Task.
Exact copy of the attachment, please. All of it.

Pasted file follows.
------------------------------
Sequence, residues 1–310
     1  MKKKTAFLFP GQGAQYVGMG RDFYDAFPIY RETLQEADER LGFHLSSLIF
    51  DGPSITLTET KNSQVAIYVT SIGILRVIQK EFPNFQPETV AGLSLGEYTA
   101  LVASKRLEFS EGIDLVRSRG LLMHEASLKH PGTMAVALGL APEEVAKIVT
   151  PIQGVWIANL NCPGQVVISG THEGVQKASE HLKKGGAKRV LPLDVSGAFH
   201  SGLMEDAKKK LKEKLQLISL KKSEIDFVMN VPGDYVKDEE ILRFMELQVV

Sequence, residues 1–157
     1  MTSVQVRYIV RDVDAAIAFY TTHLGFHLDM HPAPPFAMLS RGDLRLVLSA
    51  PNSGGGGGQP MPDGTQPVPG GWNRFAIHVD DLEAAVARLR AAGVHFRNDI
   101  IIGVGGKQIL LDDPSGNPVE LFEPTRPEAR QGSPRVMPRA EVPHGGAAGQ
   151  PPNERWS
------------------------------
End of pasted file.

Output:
Sequence, residues 1–310
     1  MKKKTAFLFP GQGAQYVGMG RDFYDAFPIY RETLQEADER LGFHLSSLIF
    51  DGPSITLTET KNSQVAIYVT SIGILRVIQK EFPNFQPETV AGLSLGEYTA
   101  LVASKRLEFS EGIDLVRSRG LLMHEASLKH PGTMAVALGL APEEVAKIVT
   151  PIQGVWIANL NCPGQVVISG THEGVQKASE HLKKGGAKRV LPLDVSGAFH
   201  SGLMEDAKKK LKEKLQLISL KKSEIDFVMN VPGDYVKDEE ILRFMELQVV

Sequence, residues 1–157
     1  MTSVQVRYIV RDVDAAIAFY TTHLGFHLDM HPAPPFAMLS RGDLRLVLSA
    51  PNSGGGGGQP MPDGTQPVPG GWNRFAIHVD DLEAAVARLR AAGVHFRNDI
   101  IIGVGGKQIL LDDPSGNPVE LFEPTRPEAR QGSPRVMPRA EVPHGGAAGQ
   151  PPNERWS